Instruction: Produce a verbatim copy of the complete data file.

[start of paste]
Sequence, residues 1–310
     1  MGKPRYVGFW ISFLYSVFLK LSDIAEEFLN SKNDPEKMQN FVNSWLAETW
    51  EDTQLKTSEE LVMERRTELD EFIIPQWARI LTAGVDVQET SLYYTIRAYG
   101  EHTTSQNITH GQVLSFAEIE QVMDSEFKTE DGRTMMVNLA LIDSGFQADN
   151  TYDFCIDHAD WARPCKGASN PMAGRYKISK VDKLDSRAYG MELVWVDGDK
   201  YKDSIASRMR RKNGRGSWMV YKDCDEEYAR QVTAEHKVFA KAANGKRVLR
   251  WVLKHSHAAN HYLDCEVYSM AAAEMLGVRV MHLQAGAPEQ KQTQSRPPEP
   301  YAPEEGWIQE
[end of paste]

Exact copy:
Sequence, residues 1–310
     1  MGKPRYVGFW ISFLYSVFLK LSDIAEEFLN SKNDPEKMQN FVNSWLAETW
    51  EDTQLKTSEE LVMERRTELD EFIIPQWARI LTAGVDVQET SLYYTIRAYG
   101  EHTTSQNITH GQVLSFAEIE QVMDSEFKTE DGRTMMVNLA LIDSGFQADN
   151  TYDFCIDHAD WARPCKGASN PMAGRYKISK VDKLDSRAYG MELVWVDGDK
   201  YKDSIASRMR RKNGRGSWMV YKDCDEEYAR QVTAEHKVFA KAANGKRVLR
   251  WVLKHSHAAN HYLDCEVYSM AAAEMLGVRV MHLQAGAPEQ KQTQSRPPEP
   301  YAPEEGWIQE